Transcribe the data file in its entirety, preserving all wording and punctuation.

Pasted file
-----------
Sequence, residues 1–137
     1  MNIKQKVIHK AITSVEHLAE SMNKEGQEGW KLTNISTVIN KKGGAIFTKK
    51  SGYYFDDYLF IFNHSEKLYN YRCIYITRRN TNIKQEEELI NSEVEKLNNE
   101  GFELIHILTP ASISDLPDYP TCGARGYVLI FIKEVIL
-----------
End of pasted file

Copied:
Sequence, residues 1–137
     1  MNIKQKVIHK AITSVEHLAE SMNKEGQEGW KLTNISTVIN KKGGAIFTKK
    51  SGYYFDDYLF IFNHSEKLYN YRCIYITRRN TNIKQEEELI NSEVEKLNNE
   101  GFELIHILTP ASISDLPDYP TCGARGYVLI FIKEVIL